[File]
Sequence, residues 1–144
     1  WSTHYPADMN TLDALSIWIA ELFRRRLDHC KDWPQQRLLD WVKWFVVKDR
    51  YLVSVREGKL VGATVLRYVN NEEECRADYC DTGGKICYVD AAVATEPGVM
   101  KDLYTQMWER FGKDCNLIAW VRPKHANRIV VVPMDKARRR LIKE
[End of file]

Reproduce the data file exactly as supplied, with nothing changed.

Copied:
Sequence, residues 1–144
     1  WSTHYPADMN TLDALSIWIA ELFRRRLDHC KDWPQQRLLD WVKWFVVKDR
    51  YLVSVREGKL VGATVLRYVN NEEECRADYC DTGGKICYVD AAVATEPGVM
   101  KDLYTQMWER FGKDCNLIAW VRPKHANRIV VVPMDKARRR LIKE